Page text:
by Aiden Daries
Manchester United’s status as being ‘the best club in England’ is slowly dwindling away as they are set to go eight consecutive seasons without lifting the coveted Premier League trophy.
Manchester United’s last league title was back in 2013 under former manager, Sir Alex Ferguson. Since then, United have not been considered title challengers. Despite the board's best efforts to bring in world class managers, such as the likes of Jose Mourinho and Louis Van Gaal, they have been unsuccessful in their pursuit of the league title.
So what is exactly going on at Manchester United?
Manchester United chief executive Ed Woodward and owners the Glazer family have been thought of as the reason for United’s decline. The Glazers took over United in 2005 and achieved much success with the club. The reason for this however, was down to then chief executive David Gill and former United manager Sir Alex Ferguson. Ferguson was believed to have had control over the club because of his strong influence within.
Ed Woodward arrived as chief executive in 2013 after replacing David Gill. Many looked at this appointment with raised eyebrows considering Woodward was an accountant and was perceived to have no real knowledge of the game.
Since the departure of Sir Alex Ferguson, the owners' backing of the managers thereafter has been somewhat incompetent.
David Moyes, the man that took over the reins from Sir Alex was asked to pack his bags after less than a year in charge of the club.
Louis Van Gaal was then called in to be his replacement and guided United to a fourth place finish in his first season in charge. There were not many leaders inside the dressing room in his first season as the likes of Rio Ferdinand, Nemanja Vidic and Patrice Evra had all departed before his arrival.
The board, however, managed to acquire Angel Di Maria and Radamal Falcao, but the pair soon departed a season later. The question of whether these were Van Gaal’s first choice signings was beginning to circulate.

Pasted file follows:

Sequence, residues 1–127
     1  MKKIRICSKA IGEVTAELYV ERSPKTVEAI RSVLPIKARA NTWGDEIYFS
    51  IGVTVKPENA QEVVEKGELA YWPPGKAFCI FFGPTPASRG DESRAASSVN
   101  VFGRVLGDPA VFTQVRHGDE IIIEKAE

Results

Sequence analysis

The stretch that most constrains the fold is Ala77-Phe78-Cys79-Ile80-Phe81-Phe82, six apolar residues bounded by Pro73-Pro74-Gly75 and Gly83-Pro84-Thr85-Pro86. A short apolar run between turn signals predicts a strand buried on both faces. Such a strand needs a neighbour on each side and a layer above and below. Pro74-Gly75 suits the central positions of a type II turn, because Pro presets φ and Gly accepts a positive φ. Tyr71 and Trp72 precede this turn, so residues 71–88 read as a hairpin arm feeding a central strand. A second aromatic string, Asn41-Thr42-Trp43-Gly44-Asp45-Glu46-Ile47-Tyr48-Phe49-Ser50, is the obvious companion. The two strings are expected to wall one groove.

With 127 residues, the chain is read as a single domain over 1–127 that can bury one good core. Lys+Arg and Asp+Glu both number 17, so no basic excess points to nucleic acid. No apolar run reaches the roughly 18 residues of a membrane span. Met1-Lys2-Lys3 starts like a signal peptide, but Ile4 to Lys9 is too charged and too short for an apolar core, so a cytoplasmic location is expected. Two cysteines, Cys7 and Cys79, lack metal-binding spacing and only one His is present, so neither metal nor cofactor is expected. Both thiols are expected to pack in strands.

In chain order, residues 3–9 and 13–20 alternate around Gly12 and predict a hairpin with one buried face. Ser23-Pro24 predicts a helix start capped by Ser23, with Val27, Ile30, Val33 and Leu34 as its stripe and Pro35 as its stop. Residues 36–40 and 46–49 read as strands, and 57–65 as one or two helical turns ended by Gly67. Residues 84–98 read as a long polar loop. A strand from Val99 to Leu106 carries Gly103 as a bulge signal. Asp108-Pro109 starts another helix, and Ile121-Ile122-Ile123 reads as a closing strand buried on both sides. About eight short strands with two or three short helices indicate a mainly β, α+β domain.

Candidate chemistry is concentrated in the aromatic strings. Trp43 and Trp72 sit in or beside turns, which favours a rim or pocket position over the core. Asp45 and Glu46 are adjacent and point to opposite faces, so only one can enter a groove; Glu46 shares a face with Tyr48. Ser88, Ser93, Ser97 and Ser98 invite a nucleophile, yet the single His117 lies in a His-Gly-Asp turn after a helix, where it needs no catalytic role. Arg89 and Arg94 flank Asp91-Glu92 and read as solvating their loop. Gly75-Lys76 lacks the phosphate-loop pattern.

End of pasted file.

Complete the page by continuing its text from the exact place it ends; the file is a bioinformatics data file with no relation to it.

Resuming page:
I believe that these top name signings of Di Maria and Falcao were nitpicked by the Glazers as a way to increase their revenue via the shirt sales.
In Van Gaal’s second season in charge the board looked to turn away from backing the manager, despite €50 million youngster Anthony Martial having been brought through the Carrington doors. A host of other young talents were bought as well, but not one stand out player was signed in the Dutchman’s second season; a season where United was looking to improve on their fourth place finish.
I believe that the board’s incompetence and lack of backing the manager in his second season in charge led to his sacking.
Jose Mourinho, a serial winner, was brought in and the same scenario occurred with the Portuguese. The Glazers backing of the manager in their first season, and lack of backing in their second has led to the downfall of Manchester United.
I do not believe that that these current owners or chief executive of Manchester United have any knowledge of football. One of the biggest clubs in the world has owners who act like they are running a business, with an accountant as their chief executive.
Manchester United Football Club is currently being run like a business and not a football club. Louis Van Gaal stated than the club was being run like a commercial department and not a football one, which highlights the level of incompetence from the top of the club. He has also come out saying that he never really got his top targets. Jose Mourinho was also frustrated at the lack of business during his time in charge at the club.
Ole Gunnar Solskjaer’s time at Manchester United thus far has seen an improvement in the team, but this looks to be papering over the cracks and covering up a deeper issue within United.
A lot needs to change at the club, starting with the board and chief executive. Having a knowledge of the game is a must for these businessmen and bankers. A director of football that can work alongside the manager is another key factor in helping improve the club. If United continue their ‘plan’ of backing managers, sacking them, and waiting for Champions League football in order to receive their revenue, United fans are looking at a future that might just mirror these past eight years.